Sebastian Mallaby’s More Money than God was one of the truly great books written in the aftermath of the financial crisis, and one I praised on this very website six years ago (https://www.davidbahnsen.com/?s=More+money+than+god). He is a gifted writer, a cogent thinker, and in The Man Who Knew, has written the authoritative biography of Alan Greenspan that has yet been written (or ever will be). 700 pages was a daunting task, yet as readers will discover, it takes 700 pages to cover the life of this intriguing person in American life.
I have much to say about Alan Greenspan, the public persona, and because so much of what I have to say is critical, it risks taking away from what Mallaby accomplished with this book. His ability to keep the reader’s attention, to move from era to era seamlessly, and to maintain objectivity and a prose that was both critical and complimentary all made this book a phenomenal work of literary accomplishment. My one criticism is a significant one, but not one that takes away from the mastery of the book. The arrogance with which Mallaby treated the supply-side school was completely unbecoming of someone of his intellectual giftedness. I purposely did not say “the manner with which he disagrees with the supply-side school,” for no such argumentation or critique or anything resembling a grown-up treatment was forthcoming; rather a mere dismissiveness was substituted for engagement, and I found it an unfortunate sidebar to a book I so greatly enjoyed.
Complimenting Mallaby’s treatment of Greenspan is different than offering the maestro himself a hall pass. Mallaby was actually quite fair himself, offering fair and poignant criticisms where warranted, but holding back where Mallaby was convinced the narrative was not capturing the entirety of the historical record. Greenspan accomplished much in his life as a public figure that is worthy of praise, and he accomplished much worthy of scorn. Ironically for this student of economic history, it was Greenspan”s own self-serving post-career biography that most did him in for me, more than the actual policy endeavors he was defending. That Greenspan went on an ideological ride throughout his life is not just indisputable, but also not particularly uncommon. Most adults evolve and adapt, for good or for bad, throughout their journeys, and Greenspan can be forgiven for the mere act of change. That so many of his adaptations appear to have been driven by political pragmatism and a sort of “climbing” aspiration (to use the term that Ayn Rand herself used in wondering where young Greenspan was headed), is a different story. Greenspan is not unlike so many public figures in that the greatest parts and most significant weaknesses all come from the same place. On one hand, he was nonpartisan, independent, personally affable, and devoid of great rivalries within ideology that could impair decision-making and productivity. On the other hand, one senses in reading Mallaby’s work a simply incredible sensation that Greenspan was keenly focused on how history would record him, and his sense of pleasantness and cordiality also came with a softness and pliability that did damage to his policy efforts.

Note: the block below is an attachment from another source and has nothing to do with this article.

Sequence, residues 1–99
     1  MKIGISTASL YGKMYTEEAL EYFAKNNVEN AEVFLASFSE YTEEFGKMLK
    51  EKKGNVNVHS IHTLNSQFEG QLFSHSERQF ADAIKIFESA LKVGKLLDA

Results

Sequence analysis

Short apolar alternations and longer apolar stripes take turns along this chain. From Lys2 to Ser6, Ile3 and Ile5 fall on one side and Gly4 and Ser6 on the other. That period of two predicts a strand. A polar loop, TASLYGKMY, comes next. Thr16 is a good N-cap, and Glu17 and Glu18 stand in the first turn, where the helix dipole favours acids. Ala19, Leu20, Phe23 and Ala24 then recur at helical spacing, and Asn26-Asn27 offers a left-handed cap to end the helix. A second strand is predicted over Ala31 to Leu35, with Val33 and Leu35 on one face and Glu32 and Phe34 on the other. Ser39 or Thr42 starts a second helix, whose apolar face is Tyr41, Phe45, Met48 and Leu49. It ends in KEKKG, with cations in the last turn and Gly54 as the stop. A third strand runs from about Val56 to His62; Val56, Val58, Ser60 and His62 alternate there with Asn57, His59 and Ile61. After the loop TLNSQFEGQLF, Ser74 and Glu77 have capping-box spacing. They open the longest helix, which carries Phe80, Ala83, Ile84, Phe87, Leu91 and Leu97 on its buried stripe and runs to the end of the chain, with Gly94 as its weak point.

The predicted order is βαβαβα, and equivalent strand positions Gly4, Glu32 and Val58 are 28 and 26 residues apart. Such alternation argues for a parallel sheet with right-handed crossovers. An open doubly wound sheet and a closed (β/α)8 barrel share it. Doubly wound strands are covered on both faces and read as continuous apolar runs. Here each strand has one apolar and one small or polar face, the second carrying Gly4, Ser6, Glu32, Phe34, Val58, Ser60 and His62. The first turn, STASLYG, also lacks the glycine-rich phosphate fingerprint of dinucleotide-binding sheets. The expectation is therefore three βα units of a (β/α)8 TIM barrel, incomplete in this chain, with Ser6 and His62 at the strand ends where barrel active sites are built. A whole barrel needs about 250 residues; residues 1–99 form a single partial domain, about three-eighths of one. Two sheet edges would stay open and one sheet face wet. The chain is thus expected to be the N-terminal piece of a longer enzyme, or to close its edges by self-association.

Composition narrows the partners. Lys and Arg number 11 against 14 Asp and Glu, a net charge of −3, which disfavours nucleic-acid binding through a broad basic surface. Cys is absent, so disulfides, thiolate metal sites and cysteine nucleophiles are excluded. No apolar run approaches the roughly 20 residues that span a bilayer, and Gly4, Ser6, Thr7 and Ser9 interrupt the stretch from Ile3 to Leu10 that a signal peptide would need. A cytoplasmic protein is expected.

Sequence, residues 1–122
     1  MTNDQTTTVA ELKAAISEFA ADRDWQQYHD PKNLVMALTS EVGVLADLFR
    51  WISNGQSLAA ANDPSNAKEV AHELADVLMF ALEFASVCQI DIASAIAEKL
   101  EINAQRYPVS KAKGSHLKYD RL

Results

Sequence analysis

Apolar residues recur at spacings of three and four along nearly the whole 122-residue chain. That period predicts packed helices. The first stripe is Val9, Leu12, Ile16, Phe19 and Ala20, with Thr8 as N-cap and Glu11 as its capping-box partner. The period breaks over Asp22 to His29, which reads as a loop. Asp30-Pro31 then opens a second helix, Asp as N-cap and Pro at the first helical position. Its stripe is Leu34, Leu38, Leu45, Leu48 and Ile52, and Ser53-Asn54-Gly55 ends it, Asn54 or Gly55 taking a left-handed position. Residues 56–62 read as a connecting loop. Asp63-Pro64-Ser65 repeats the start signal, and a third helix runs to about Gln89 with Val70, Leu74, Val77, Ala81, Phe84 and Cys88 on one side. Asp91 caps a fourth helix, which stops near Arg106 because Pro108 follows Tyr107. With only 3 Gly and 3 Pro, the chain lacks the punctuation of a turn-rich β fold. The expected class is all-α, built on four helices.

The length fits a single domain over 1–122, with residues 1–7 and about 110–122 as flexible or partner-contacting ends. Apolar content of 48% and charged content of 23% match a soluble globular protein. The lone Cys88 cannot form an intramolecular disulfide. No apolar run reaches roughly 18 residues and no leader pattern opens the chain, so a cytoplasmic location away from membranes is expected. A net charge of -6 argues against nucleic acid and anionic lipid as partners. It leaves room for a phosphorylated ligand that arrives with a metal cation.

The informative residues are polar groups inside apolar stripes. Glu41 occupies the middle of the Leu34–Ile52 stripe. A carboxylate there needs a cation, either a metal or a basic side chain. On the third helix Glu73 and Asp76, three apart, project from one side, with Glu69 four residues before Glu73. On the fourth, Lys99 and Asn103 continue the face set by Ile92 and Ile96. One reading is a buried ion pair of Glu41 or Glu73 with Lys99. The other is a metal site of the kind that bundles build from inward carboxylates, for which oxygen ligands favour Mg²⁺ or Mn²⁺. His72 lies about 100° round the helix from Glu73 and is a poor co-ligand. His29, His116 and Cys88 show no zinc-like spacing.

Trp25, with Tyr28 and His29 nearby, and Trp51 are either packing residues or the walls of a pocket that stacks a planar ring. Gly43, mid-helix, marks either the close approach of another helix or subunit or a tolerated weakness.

Alan Greenspan was no doubt one of the most significant actors in American economic policy in the 20th century, and it is unfortunate that history will record his confidence in the self-regulation of free markets as the cause of the financial crisis, rather than his abysmal coddling of risk assets from 1998-2004 via monetary policy. The victors write the history books, and the Obama era “victors” coming out of the crisis have written a history that is all at once revisionist, self-serving, and dangerous. Mallaby, though, has not contributed to this historical revisionism, and in fact has written a fair and thorough treatise that gives us a glimpse into what drove the genius and unbridled vertical mobility of Alan Greenspan. Whether you are friend or foe to Greenspan’s legacy, your understanding of him will be greatly enhanced by this tremendous work.